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July 11, 2024

Rita’s is mixing it up at North Adelaide

Rita's brings a mix of Italian and Asian to Melbourne Street.

  • Words: Claudia Dichiera
  • Pictures: Jack Fenby

When we step inside Rita’s it is just days away from opening.


69-71 Melbourne Street, North Adelaide 5006
Tue—Sun: 5pm ’til late


A group of future front-of-house staff sit on high stools on a communal table while they taste test dishes being handed from the open kitchen by co-owner Darcy Dawes.

Co-owner Maeve Marryat invites CityMag to take a seat, away from the noise, and says the renovation process has been “stressful”.

“I feel like most restaurant openings, the lead-up is always a bit touch and go it never really happens completely smoothly,” Maeve shouts on top of the noise. 

“But at the same time, it’s been very rewarding and while it’s stressful, you know, it’s going to been great to see it all come together.”

Said venison dish


Rita’s opens tomorrow, and patrons can expect food you wouldn’t usually find on a traditional Italian menu.

“We’re cooking contemporary Italian food, but using an Asian pantry,” Darcy says from the open kitchen as he cuts and places venison on a plate.

“We’ve got everything from soy and MSG, to rice vinegars and different kinds of powders. We’re attacking it as if it’s an Italian menu, but using everything that we have in our resources in terms of dry stock ingredients, as well as fresh ingredients to try and elevate it and look for something different.

“[We’re] very much trying to incorporate Asian flavours into what we’re doing — using that umami bridge between the two cultures cuisines to close the gap between them and make it function well and taste really good.

“Not in that horrible fusion word that we’re trying to avoid. But just something that works naturally well with it, not trying to force it into a hole that maybe it doesn’t fit.”


Ingredients they will use to bridge this gap are dried fish and bonito mixed with tomatoes and anchovies to “meld the two cuisines together”.

“There’s the burrata with Chinese chilli oil, but with some beautiful Ligurian focaccia that we grind in salt water like they do in Italy,” Darcy says.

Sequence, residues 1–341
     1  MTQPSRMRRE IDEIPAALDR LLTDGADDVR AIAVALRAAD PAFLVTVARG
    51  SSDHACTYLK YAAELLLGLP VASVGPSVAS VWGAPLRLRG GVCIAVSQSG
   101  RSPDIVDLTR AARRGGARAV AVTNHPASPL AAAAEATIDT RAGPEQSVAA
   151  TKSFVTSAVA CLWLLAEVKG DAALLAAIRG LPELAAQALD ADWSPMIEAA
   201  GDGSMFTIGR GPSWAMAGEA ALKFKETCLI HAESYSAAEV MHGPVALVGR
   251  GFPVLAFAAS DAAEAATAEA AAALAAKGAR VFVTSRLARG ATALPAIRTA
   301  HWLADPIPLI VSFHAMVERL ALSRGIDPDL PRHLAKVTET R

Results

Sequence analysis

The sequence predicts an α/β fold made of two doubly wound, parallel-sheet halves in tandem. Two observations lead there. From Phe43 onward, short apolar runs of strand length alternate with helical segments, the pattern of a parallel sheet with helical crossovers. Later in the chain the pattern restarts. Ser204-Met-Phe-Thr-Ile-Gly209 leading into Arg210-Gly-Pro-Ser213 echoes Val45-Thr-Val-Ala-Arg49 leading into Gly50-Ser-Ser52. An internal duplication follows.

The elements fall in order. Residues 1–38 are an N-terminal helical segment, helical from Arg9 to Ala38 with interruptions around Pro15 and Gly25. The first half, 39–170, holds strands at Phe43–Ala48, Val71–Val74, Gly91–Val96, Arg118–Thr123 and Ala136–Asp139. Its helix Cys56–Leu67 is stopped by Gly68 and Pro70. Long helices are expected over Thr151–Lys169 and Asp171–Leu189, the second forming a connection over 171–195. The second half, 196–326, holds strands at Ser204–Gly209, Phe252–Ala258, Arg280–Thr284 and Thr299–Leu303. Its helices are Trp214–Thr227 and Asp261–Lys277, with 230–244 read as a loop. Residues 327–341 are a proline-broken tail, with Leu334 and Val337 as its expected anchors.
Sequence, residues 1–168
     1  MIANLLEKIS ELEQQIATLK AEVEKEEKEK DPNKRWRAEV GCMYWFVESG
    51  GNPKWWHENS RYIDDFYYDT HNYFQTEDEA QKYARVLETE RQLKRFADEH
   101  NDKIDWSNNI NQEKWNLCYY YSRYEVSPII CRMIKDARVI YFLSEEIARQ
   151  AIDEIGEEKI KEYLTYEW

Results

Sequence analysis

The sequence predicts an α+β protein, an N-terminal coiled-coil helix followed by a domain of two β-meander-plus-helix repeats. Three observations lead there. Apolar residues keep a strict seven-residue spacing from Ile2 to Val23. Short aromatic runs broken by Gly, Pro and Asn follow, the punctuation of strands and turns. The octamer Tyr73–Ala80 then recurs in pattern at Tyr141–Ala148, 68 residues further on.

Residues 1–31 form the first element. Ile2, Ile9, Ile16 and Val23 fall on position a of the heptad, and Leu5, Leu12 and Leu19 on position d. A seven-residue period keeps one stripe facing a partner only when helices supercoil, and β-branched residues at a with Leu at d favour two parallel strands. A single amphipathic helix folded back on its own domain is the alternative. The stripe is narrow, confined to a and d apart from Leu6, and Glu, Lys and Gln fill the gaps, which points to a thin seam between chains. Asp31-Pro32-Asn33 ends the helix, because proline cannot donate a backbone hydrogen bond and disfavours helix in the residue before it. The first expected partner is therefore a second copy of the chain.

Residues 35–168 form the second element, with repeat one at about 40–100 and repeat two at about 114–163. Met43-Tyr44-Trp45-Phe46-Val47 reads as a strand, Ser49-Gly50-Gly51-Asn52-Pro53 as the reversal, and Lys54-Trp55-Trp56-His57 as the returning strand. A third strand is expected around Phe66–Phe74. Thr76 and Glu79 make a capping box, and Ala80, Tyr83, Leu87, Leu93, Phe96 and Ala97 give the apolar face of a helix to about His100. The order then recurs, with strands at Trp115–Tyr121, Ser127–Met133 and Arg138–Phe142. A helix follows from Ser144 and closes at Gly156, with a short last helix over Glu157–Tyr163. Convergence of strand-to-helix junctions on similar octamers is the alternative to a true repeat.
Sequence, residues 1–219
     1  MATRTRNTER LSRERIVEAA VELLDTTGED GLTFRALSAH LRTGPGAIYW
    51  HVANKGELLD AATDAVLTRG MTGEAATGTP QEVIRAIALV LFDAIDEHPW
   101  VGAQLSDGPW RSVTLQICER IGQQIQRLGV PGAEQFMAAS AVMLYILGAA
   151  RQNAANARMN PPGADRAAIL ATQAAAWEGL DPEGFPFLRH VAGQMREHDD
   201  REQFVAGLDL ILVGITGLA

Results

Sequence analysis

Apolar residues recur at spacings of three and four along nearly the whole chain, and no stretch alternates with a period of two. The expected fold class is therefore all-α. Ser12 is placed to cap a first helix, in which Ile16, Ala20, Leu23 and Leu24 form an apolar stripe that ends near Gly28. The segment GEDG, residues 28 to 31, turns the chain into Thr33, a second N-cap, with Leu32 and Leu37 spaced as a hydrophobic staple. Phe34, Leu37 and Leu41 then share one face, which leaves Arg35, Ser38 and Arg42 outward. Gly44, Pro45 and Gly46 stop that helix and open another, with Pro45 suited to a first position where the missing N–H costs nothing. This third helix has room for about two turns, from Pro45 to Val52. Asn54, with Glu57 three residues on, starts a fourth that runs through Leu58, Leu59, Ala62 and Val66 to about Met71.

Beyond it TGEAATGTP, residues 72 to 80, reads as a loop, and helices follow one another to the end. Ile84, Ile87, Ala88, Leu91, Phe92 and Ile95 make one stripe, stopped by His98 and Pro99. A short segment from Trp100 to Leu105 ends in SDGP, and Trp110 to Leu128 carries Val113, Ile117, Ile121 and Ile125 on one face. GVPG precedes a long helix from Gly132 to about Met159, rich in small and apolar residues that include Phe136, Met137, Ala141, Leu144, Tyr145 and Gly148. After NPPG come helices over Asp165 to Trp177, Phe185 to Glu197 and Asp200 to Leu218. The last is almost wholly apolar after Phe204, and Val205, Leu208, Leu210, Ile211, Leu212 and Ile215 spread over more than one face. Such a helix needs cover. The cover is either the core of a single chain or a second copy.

“So we’ve got really, really beautiful venison backstrap from Matchless Foods that we’ve seared off with some lemon myrtle, brown sugar and a little bit of thyme — using those native Australian ingredients when they work.

Other things set to hit the menu include pasta such as cacio e pepe and fresh crab, along with scotch fillets paired with burnt onion jam, and double pork chops in a shared style menu.

Dom working his magic


Curated by bar manager Dom Barr, the cocktails also have an unorthodox approach that includes “fun weird” options.

“The fundamentals of the cocktails are supposed to be based on Italian-style drinks because we are an Italian restaurant. But they do have a few bits and pieces that are chopped and changed around, just like the food menu, to add a bit of funk and flavour to things,” Dom says.

These cocktails range from an oyster shell martini which is “the drink version of when you’re just sitting down eating an oyster” to a Rigazzi spritz which replaces Aperol with an aperitif.

There are two sections to the cocktail menu, the reader’s classics (but with a twist) and Rita’s signature cocktails that have been designed “from Dom’s brain”.

“I get bored of making the same generic stuff over and over again,” Dom says. “It’s stuff that I feel passionate about and just keeping things fun and interesting.

“I’m always learning [and] trying to do different bits and pieces. I flip through cocktail books every single day…the backlog of cocktail ideas in my books is astronomical. Some are good, some are bad.”

Alex Bellas’ work on show


The space, designed by CTRL Space, has hints of red with earthy tones. 

“And then for artwork, we’ve got local artist, Alex Bellas, who has designed large amount of prints based off old Italian posters,” Maeve says.

“A lot of it was just seeing what worked in the space. I mean, you don’t really know until you’re in the space what’s going to work.”

Maeve says the opening process is completely different when it’s your own space, having previously worked at Fugazzi and Tony Tomatoes.

She explains “it’s all the little things” that the general public doesn’t realise when it comes to opening up a restaurant.

“So I was a part of the Fugazzi opening but I guess it never really was as much responsibility as I currently have with this project. I was just a bar supervisor for opening up for Fugazzi, which is a very different beast of a venue — that one is very impressive and massive,” Maeve says. 

“But it also had a lot of people in that opening team that was very helpful. Here is a bit different because we’re smaller. It’s kind of a lot on Darcy and I, which is fine, but it does put a lot of pressure on us.”

Rita’s is at  69-71 Melbourne Street, North Adelaide and is open from Tuesday to Sunday from 5pm until late.

Connect with the business on Instagram for more.

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